GUEST BLOG, by The Rev. Rosalie Richards, member of the Prison Concerns Committee of the Episcopal Church of New Hampshire, and a founder of the Prison Art Program in our Diocese
This article is based on an interview with The Rev. Richard Davenport. St. Stephen's, Colebrook and St. Barnabas, Berlin, and a member of the Prison Concerns Committee. The Rev. Davenport was instrumental in bringing this book to the attention of the Diocesan Prison Concerns Committee, and to our Diocesan Convention this past fall.
Q What is the history of this book, what brought it to the attention of our diocese?
The Rev. Richard Davenport: In 2015 the General Convention delegates decided this book is so important that they passed a resolution that the entire church should read and study it.
I brought this information to our Diocesan Prison Concerns committee and we agreed to read the book as a group and reflect on together throughout the year. The committee also introduced a resolution to our Diocesan Convention, bringing the General Convention goal to our diocese.
Q What was the resolution?
The Rev. Richard Davenport: The resolution encourages each congregation in the diocese to read and study the book. This passed overwhelmingly.
Q Is there a plan for how congregations should read the book together?
The Rev. Richard Davenport: It is up to each congregation to decide how to do this, for instance there can be book groups, adult forums, adult classes, or the book can be available for individuals to buy. (Purchase information is given at the end of this article.)
The Prison Concerns committee would like to encourage people and churches who want to add this to their Lenten discipline to order a copy.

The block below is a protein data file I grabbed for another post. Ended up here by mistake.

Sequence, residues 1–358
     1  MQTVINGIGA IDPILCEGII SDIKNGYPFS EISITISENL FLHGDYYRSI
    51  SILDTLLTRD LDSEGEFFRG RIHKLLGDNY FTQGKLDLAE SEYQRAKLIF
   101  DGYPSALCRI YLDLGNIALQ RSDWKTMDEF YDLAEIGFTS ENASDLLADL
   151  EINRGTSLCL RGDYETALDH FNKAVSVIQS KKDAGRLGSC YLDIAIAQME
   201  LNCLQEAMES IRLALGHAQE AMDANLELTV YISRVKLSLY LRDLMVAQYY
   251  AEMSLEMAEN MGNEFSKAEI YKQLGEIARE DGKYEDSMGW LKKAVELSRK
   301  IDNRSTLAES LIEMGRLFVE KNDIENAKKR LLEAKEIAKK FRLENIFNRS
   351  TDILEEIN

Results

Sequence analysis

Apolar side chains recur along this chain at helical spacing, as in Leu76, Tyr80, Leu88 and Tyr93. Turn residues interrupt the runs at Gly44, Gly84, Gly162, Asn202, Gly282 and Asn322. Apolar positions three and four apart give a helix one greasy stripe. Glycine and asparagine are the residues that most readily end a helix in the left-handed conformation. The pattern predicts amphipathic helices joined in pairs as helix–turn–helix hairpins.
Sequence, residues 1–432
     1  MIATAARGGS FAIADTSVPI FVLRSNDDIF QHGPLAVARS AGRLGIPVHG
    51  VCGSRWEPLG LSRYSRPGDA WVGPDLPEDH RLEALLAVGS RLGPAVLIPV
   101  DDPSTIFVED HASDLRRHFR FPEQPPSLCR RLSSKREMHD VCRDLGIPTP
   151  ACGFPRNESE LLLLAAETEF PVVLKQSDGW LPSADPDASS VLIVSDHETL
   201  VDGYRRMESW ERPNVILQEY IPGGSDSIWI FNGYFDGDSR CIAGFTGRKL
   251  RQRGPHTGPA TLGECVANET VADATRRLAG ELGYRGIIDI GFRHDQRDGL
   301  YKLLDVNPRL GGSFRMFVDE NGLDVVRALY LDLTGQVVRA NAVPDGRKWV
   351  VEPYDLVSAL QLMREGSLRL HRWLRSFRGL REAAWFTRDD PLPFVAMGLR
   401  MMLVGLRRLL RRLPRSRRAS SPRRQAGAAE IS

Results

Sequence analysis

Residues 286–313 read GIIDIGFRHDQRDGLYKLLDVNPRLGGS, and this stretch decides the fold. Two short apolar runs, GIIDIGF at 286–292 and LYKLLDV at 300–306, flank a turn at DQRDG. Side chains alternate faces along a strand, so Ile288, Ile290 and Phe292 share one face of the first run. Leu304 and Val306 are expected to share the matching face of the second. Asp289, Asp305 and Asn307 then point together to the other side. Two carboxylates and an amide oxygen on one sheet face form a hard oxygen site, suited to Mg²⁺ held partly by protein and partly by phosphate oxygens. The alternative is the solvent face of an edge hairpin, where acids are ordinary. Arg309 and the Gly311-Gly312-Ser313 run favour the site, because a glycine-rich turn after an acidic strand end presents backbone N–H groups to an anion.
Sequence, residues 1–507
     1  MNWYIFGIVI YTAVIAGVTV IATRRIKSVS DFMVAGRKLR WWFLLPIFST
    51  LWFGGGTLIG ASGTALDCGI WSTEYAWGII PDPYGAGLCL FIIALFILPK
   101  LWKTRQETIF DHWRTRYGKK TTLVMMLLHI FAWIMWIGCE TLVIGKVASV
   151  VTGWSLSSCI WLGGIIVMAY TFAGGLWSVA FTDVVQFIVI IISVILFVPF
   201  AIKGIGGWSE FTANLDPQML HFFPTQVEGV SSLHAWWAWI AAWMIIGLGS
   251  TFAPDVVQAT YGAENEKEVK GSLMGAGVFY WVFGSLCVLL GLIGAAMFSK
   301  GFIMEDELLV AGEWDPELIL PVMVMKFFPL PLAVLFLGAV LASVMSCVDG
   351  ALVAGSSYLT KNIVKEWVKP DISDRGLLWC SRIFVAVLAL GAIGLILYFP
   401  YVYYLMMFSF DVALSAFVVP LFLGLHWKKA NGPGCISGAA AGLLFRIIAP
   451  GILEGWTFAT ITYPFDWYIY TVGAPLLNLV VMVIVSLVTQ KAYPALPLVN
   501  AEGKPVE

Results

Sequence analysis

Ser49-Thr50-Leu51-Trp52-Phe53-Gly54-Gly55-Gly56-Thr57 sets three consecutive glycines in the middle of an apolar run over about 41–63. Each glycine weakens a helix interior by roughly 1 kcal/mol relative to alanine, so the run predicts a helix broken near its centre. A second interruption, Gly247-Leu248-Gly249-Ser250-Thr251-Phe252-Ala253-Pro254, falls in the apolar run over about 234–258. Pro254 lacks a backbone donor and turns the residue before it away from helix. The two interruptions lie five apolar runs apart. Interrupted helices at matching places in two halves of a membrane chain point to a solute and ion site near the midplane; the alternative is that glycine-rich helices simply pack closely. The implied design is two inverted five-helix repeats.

Q Can you describe the book in two sentences?
The Rev. Richard Davenport: Michelle Alexander, the author, draws together data that proves that blacks are overrepresented in prisons and jails, and the result is permanent second class status for this group of people. As the first Jim Crow law systematically withheld the right to vote from blacks, so the result of being imprisoned is to have voting rights withheld. Even worse, it creates a permanent second class status for a large part of the black population.
Q This is difficult reading because of the injustice that is pointed out. How can we deal with that?
The Rev. Richard Davenport: That is right, this isn't light or easy material. For that reason we encourage people to read this in community, a book group or an adult education class. Another way to find community around this book is to follow or visit the author, Michelle Alexander, on Facebook where they can participate in a dialogue with people around the country who are reading the book. Here is that link. https://www.facebook.com/pages/Michelle-Alexander/168304409924191
Q Can you give encouragement to all of us who want to face this reality but don't want to have to delve into the difficult topic in this book?
The Rev. Richard Davenport: I can tell you three things that we discuss in my church:
First, Jesus didn't come to cheer us up, we preach Christ crucified, and only by facing the reality of death and of evil do we have the triumph of Christ resurrected. This is not just true in the Gospels, it is true in our lives.
Second, This is one mandate--of VERY few--from Christ to us: Visit those in prison. Reflecting on this book is one way to be with those who are imprisoned.
Third, without acknowledging this reality of this injustice we are doomed to perpetuate it. Only by facing the truth of this situation can we resolutely choose to not continue this new form of Jim Crow. It requires that we not be neutral, which is a form of complicity.
As MLK said: "He who accepts evil without protesting against it is really cooperating with it."
Please note: The book, The New Jim Crow, can be purchased in bulk (10 or more copies) from www.thenewjimcrow.com and individual copies are available at your local bookseller or online retailer.